Proposed New Gloucester College Campus, Forest of Dean
Held at Hunter Page Planning Offices at 12.00pm on 20th September 2013
- Toby Coombes Architect, Coombes Everitt Architects (Chair)
- Joyce Clifford Architect, Quattro Design Architects
- Charles Cox Architect, Heath Avery
- David Jones Town Planner, Evans Jones
- Anthony Lewis Architect, Yiangou Artchitects
- Ross Sharpe Architect, Yiangou Architects
- Jonathan Nettleton Architect, Blake Architecture
The Architect and client’s advisor outlined the planning background and set out the context of the development as part of the larger development brief for the area to provide a sustainable mixed use development. They also ran through an overview of the site and summarised the following brief:
- The new facility should house the 3 key elements (vocational college, sixth form and a communal hub).
- The development site sits between the proposed new access road and an existing lake on a slightly sloping site with various arboricultural and ecological implications. These have been addressed in principal with the location of the buildings and car parking but further investigation and mitigation proposals will need to be made as part of the development of the scheme.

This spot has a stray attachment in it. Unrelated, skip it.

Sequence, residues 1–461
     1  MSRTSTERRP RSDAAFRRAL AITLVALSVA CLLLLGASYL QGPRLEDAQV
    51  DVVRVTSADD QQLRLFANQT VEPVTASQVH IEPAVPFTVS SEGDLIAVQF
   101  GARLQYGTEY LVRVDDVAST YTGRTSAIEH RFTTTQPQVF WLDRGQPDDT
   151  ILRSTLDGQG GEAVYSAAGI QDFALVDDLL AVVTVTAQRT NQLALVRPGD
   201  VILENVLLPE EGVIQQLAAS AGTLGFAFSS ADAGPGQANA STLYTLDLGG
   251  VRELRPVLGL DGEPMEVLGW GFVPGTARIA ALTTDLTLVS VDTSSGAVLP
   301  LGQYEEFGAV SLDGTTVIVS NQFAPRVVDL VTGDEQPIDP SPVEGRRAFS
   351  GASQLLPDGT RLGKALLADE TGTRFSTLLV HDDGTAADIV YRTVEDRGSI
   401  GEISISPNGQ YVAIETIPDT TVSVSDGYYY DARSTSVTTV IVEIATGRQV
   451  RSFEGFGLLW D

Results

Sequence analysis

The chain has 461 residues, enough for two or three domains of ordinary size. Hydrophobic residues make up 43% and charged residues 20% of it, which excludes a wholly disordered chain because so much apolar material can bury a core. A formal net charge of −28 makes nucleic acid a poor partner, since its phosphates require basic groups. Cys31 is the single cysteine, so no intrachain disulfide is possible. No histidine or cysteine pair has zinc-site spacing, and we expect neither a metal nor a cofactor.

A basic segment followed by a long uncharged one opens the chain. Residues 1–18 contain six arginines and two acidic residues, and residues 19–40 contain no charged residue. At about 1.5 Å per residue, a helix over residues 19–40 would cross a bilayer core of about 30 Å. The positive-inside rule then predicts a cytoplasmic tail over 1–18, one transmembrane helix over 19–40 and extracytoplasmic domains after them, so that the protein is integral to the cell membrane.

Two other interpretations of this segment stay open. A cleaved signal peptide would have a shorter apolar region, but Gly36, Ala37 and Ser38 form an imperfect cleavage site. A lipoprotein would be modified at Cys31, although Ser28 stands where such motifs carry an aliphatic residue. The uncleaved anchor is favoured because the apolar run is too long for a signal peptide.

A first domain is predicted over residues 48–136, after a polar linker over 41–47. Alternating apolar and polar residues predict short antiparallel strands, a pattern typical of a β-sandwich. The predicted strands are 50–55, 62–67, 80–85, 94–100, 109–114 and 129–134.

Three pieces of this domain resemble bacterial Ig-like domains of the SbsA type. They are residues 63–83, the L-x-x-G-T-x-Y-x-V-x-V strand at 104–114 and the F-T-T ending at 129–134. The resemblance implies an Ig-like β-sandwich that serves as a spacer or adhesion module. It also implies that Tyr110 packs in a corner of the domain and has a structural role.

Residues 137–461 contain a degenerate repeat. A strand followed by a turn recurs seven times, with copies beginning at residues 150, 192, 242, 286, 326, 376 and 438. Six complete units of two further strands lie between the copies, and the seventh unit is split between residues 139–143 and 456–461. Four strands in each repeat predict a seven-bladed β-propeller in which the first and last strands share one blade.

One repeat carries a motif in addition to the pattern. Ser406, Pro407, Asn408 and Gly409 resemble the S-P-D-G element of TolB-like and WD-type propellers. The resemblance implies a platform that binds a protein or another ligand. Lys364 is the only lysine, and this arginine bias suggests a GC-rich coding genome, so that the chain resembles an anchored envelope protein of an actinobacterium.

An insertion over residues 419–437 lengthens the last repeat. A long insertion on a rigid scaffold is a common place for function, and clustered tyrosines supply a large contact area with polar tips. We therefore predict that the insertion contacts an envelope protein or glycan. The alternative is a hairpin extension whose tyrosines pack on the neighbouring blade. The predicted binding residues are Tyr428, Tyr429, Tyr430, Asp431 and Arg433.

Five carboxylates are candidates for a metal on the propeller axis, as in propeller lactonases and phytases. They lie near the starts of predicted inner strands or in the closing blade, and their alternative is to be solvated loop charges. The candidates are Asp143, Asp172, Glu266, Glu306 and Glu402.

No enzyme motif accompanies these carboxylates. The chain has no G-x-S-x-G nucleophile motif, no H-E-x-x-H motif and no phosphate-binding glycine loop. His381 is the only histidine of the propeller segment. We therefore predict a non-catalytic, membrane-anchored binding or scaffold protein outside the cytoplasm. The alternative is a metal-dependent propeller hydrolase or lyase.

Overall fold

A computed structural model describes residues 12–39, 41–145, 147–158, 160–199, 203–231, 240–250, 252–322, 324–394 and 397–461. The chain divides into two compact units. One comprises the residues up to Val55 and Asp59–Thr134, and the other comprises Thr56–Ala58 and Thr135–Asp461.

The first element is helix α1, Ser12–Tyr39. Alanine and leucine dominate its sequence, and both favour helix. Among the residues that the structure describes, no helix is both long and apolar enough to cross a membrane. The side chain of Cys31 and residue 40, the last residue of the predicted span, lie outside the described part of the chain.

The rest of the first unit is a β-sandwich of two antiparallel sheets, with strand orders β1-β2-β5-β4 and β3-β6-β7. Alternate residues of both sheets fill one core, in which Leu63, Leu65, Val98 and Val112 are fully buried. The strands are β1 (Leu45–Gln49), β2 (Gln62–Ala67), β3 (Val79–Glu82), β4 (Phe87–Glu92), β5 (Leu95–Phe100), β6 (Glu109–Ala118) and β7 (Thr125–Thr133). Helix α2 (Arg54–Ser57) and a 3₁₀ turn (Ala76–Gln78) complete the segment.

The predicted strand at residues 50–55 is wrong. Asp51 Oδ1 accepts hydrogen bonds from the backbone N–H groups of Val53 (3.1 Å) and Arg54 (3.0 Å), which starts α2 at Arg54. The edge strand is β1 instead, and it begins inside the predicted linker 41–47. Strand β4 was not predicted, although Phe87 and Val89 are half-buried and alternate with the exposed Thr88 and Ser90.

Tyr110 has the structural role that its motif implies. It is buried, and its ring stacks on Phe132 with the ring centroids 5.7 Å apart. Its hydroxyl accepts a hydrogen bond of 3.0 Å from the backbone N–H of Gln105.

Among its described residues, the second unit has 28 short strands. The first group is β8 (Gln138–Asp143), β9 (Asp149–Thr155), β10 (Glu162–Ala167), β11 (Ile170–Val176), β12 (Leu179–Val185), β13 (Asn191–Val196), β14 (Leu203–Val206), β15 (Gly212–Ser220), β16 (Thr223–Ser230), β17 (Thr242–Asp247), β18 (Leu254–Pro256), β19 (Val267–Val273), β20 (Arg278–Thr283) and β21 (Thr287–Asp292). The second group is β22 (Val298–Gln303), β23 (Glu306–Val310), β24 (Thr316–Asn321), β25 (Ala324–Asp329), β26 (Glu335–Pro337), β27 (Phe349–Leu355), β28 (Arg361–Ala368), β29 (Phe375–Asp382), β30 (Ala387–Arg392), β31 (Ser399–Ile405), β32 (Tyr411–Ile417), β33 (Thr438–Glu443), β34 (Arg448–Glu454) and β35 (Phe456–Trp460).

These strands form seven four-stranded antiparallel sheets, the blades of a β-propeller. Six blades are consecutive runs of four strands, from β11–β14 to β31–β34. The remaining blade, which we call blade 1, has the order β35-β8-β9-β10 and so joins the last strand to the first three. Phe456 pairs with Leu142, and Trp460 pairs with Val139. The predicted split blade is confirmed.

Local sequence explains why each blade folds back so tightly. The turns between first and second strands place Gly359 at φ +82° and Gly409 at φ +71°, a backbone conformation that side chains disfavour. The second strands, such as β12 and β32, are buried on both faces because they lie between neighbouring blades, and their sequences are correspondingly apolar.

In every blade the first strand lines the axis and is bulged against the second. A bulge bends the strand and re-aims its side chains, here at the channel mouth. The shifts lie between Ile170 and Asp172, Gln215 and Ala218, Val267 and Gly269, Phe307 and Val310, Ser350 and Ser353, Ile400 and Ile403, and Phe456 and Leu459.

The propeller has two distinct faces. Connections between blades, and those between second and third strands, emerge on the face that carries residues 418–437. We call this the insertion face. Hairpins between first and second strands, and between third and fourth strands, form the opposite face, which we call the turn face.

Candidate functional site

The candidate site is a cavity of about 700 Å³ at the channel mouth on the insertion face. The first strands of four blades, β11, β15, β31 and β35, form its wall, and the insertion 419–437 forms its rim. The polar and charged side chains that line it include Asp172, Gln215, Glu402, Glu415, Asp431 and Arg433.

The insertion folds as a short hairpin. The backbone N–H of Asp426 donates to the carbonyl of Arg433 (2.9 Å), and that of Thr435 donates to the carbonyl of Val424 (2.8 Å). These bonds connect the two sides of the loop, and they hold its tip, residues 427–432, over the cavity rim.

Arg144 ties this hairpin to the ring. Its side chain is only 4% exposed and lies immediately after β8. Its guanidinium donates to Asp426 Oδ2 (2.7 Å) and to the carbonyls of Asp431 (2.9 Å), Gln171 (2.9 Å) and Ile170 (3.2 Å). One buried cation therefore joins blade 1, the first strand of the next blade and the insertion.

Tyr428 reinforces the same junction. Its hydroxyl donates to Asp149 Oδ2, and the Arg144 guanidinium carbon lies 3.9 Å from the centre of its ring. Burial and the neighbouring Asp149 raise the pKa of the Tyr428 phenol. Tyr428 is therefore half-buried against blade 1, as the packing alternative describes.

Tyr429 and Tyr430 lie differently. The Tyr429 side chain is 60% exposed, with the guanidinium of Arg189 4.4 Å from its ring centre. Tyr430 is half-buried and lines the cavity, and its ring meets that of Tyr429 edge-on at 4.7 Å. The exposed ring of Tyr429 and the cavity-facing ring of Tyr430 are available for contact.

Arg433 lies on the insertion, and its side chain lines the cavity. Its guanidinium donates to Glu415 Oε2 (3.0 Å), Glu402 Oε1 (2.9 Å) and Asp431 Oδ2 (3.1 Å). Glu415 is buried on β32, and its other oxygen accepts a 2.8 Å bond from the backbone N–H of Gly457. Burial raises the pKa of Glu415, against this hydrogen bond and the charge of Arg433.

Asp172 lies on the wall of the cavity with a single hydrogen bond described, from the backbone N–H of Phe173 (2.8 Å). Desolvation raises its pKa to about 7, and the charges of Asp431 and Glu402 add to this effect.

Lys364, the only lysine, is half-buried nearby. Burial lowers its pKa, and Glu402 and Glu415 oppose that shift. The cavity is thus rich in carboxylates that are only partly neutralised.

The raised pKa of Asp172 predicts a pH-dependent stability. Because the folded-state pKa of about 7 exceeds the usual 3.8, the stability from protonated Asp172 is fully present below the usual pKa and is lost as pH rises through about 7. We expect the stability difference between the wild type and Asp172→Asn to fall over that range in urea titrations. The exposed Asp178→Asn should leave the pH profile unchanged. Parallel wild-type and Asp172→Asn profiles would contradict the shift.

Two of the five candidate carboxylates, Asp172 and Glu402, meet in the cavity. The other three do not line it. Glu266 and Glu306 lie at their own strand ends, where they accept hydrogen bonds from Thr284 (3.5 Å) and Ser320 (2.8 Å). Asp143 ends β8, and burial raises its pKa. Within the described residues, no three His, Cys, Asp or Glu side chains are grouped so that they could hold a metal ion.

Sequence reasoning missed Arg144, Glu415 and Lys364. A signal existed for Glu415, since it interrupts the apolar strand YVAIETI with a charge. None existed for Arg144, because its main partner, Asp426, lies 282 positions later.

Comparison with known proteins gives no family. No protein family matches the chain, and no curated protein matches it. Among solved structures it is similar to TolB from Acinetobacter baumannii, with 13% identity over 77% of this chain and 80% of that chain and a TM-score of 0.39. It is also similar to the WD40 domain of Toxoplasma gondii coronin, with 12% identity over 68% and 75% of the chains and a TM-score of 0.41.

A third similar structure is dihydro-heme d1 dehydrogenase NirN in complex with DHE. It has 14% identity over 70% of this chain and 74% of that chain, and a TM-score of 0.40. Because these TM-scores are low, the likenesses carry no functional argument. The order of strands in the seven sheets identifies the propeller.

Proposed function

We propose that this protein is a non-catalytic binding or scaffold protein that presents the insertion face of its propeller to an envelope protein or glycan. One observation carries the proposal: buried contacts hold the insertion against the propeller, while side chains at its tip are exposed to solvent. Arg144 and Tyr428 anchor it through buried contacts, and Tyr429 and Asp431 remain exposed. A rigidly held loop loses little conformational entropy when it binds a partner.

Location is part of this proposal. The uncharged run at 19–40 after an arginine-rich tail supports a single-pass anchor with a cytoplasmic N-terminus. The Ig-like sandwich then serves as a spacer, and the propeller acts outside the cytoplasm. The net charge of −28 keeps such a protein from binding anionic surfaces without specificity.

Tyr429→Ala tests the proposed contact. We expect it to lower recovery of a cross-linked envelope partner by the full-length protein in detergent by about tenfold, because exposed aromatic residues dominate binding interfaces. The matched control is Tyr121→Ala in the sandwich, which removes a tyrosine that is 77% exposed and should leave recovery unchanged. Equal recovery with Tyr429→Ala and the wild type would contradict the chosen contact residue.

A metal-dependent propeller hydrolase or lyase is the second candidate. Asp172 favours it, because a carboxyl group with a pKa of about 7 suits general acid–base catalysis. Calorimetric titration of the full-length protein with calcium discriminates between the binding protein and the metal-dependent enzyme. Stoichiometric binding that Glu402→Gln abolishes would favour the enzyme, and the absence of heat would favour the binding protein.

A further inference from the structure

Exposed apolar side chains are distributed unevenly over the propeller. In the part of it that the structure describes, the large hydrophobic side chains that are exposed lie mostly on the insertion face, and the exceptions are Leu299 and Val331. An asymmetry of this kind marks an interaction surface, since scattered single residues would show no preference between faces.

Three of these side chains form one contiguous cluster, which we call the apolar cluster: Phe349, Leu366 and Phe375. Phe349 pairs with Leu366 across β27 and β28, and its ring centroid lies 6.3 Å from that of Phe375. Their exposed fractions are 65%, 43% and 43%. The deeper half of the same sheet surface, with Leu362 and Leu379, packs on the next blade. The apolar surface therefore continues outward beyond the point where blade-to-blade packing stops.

- The proposed building combines the 3 uses into a 2 storey building which is ‘V’ shaped plan with the principal entrance set at the inside point of the ‘V’ under a projecting section of building housing the library. This entrance ‘street’ then extends out from the building to meet the new external plaza, car parking and bus drop off. Internally the 2 wings house the various teaching and learning spaces with the hub located to provide views over the lake to the West. The principal of the layout appears logical in principal and we assume the operational working has been developed in line with the clients requirements.
- Externally the massing of the scheme is quite simplistic with the building having a continuous 2 storey parapet. The projecting library ‘pod’ adds some interest when viewed from long range but this will be difficult to read from closer range. The building is then elevated to echo the vertical rhythm of the adjacent wooded areas with what appears to be a bar code like series of vertical cladding and windows around the scheme.
Overall we believe the architect has presented a scheme which will, in due course provide a high quality learning environment to meet the local need. The overall principle of the design is supported but it is considered that some of the refinements set out above would help improve the design. In particular we note that a landscape proposal is absent but when this eventually compliments the design, we believe that this could ensure that the building sits more comfortably into the surrounding environment. In addition it is considered that the street through the building and providing more overlooking and activity onto it would be an improvement along with the approach to the cladding being more rigorous when viewed against the suggested precedent. Whilst the overall principle is accepted, it is considered that some of the minor modifications would strengthen the overall design approach.